The term Internet Addiction Disorder (IAD) began as a joke back in 1995 when a New York psychiatrist named Ivan K. Goldberg noticed he was spending more than two hours a day browsing psycom.net – still a legitimate site, but in those days just a series of bulletin boards for shrinks. Deciding to play a prank on fellow browsers, he posted a parody of the American Psychiatric Association’s “Diagnostic and Statistical Manual of Mental Disorders” and listed IAD’s symptoms: “important social or occupational activities that are given up or reduced because of Internet use,” “fantasies or dreams about the Internet,” and “voluntary or involuntary typing movements of the fingers.” The joke backfired when colleagues began admitting to “netaholism” and emailing him for help.
That, of course, was more than a decade before the introduction of the smartphone, highly graphical portable computers vastly more powerful than Goldberg’s original IBM PC. Today, on virtually any street on the planet, you’ll find people glued to them; some plugged into headphones or earbuds, all heedless of virtually everything around them. But is internet addiction really a “thing”?
Not according to the World Health Organization, the Diagnostic and Statistical Manual of Mental Disorders that Goldberg parodied, or the latest International Classification of Diseases (ICD-11). However, a diagnosis of gaming disorder is included in the ICD-11.
The problem seems to be with that word “addiction”. As Goldberg noted 1997, two years after his prank:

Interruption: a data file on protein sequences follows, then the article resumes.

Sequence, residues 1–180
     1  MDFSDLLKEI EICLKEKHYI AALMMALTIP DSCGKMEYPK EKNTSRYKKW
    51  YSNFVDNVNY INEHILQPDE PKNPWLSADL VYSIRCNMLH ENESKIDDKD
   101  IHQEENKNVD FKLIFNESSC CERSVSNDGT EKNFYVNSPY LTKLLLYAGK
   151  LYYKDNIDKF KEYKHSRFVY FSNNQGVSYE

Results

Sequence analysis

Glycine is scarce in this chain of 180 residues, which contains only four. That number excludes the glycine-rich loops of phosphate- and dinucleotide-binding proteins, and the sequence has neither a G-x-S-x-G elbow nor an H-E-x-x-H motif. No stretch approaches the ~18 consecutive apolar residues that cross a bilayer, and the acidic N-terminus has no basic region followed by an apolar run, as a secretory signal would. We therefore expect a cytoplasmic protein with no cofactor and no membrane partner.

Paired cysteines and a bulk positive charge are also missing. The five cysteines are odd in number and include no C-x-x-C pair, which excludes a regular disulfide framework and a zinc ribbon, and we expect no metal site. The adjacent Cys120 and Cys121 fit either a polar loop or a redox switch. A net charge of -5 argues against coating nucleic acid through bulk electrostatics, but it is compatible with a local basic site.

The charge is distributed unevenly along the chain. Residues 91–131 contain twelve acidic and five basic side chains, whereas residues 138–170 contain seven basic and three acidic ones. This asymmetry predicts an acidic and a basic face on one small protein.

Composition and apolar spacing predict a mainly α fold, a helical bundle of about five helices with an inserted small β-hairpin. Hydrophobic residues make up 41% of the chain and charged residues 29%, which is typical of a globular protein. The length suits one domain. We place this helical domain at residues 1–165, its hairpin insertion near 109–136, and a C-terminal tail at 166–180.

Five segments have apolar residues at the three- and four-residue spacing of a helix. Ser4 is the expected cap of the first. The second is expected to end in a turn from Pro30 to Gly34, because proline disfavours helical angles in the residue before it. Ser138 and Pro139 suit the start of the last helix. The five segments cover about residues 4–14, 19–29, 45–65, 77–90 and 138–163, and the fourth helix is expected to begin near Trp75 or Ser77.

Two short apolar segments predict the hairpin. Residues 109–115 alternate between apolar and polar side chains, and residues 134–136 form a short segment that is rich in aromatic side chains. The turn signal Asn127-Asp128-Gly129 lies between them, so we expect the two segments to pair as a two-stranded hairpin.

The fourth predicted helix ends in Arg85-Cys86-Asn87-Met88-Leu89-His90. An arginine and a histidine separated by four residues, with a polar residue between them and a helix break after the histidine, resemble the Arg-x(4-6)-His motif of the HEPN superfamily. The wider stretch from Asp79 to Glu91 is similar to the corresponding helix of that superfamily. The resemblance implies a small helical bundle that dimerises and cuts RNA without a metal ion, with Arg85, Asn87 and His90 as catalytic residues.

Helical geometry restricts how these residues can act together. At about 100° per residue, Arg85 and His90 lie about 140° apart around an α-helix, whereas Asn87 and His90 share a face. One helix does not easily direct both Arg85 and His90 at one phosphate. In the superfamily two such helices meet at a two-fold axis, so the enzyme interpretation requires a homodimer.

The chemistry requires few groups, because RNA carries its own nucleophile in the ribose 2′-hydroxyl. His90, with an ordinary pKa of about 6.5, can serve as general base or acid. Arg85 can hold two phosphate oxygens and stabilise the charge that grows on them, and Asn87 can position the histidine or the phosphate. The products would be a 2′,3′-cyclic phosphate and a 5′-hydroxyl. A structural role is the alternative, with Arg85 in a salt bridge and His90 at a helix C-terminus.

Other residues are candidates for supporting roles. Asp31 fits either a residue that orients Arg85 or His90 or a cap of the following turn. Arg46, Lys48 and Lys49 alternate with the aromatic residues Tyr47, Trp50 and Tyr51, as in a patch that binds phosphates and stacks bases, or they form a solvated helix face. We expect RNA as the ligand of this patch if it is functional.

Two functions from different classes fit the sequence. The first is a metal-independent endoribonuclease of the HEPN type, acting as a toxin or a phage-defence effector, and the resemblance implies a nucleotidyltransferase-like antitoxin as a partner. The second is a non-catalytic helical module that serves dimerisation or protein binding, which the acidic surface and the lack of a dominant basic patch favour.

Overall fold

“IAD makes it sound as if one were dealing with heroin, a truly addicting substance… To medicalize every behaviour by putting it into psychiatric nomenclature is ridiculous. If you expand the concept of addiction to include everything people can overdo, then you must talk about people being addicted to books, [etc.]”https://web.archive.org/web/20181015153149/https://www.newyorker.com/magazine/1997/01/13/just-click-no
These days it goes by a variety of terms: problematic or pathological internet use, internet overuse, problematic computer use, compulsive internet use, internet abuse, harmful use of the internet, or just internet dependency. However it’s phrased, it is a problem for some people, especially the generation born since the advent of smartphones. A 2019 survey conducted by Common Sense Media, showed that US children aged 8 to 12 spent 5 hours a day on digital devices, while teens clocked up more than 7 hours a day – and that’s not including schoolwork.
Does excessive use signify a problem? How many of the pre-smartphone generation would have spent a similar amount of time watching television, listening to music, playing computer games or hanging out with friends each day? The fact that you can do all of those things on a single device doesn’t necessarily mean there’s a problem.
Problematic use is generally broken up into five broad classifications…
Internet gaming disorder (aka “video game addiction”)
What’s not to like? Complex, demanding, immersive, highly graphical games, many with an online component that allow you to team up with friends from around the world. Addicts range from children to mature adults, and gaming disorder is formally recognised by the latest International Classification of Diseases.
The dangers: According to the ICD: “Increasing priority given to gaming to the extent that gaming takes precedence over other life interests and daily activities; and … continuation or escalation of gaming despite the occurrence of negative consequences.”
The increasing prevalence of free-to-play games financed by in-game purchases for skins, power-ups and access to secret areas – so called microtransactions – may prove problematic for younger players or the financially vulnerable.